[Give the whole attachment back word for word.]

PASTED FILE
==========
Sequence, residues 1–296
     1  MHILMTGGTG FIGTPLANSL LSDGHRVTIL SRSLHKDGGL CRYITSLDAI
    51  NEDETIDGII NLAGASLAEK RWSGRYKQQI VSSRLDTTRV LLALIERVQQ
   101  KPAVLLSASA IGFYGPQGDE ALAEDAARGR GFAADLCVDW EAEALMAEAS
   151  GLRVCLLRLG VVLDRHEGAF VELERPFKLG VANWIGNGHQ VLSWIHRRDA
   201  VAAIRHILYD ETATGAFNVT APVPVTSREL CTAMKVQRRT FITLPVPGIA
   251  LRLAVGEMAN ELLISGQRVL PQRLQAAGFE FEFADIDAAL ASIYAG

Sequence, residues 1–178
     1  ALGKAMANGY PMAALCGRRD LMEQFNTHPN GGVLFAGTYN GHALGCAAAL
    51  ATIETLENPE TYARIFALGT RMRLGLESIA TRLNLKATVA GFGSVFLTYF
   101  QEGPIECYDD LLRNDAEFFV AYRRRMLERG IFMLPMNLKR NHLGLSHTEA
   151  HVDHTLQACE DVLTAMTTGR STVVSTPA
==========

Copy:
Sequence, residues 1–296
     1  MHILMTGGTG FIGTPLANSL LSDGHRVTIL SRSLHKDGGL CRYITSLDAI
    51  NEDETIDGII NLAGASLAEK RWSGRYKQQI VSSRLDTTRV LLALIERVQQ
   101  KPAVLLSASA IGFYGPQGDE ALAEDAARGR GFAADLCVDW EAEALMAEAS
   151  GLRVCLLRLG VVLDRHEGAF VELERPFKLG VANWIGNGHQ VLSWIHRRDA
   201  VAAIRHILYD ETATGAFNVT APVPVTSREL CTAMKVQRRT FITLPVPGIA
   251  LRLAVGEMAN ELLISGQRVL PQRLQAAGFE FEFADIDAAL ASIYAG

Sequence, residues 1–178
     1  ALGKAMANGY PMAALCGRRD LMEQFNTHPN GGVLFAGTYN GHALGCAAAL
    51  ATIETLENPE TYARIFALGT RMRLGLESIA TRLNLKATVA GFGSVFLTYF
   101  QEGPIECYDD LLRNDAEFFV AYRRRMLERG IFMLPMNLKR NHLGLSHTEA
   151  HVDHTLQACE DVLTAMTTGR STVVSTPA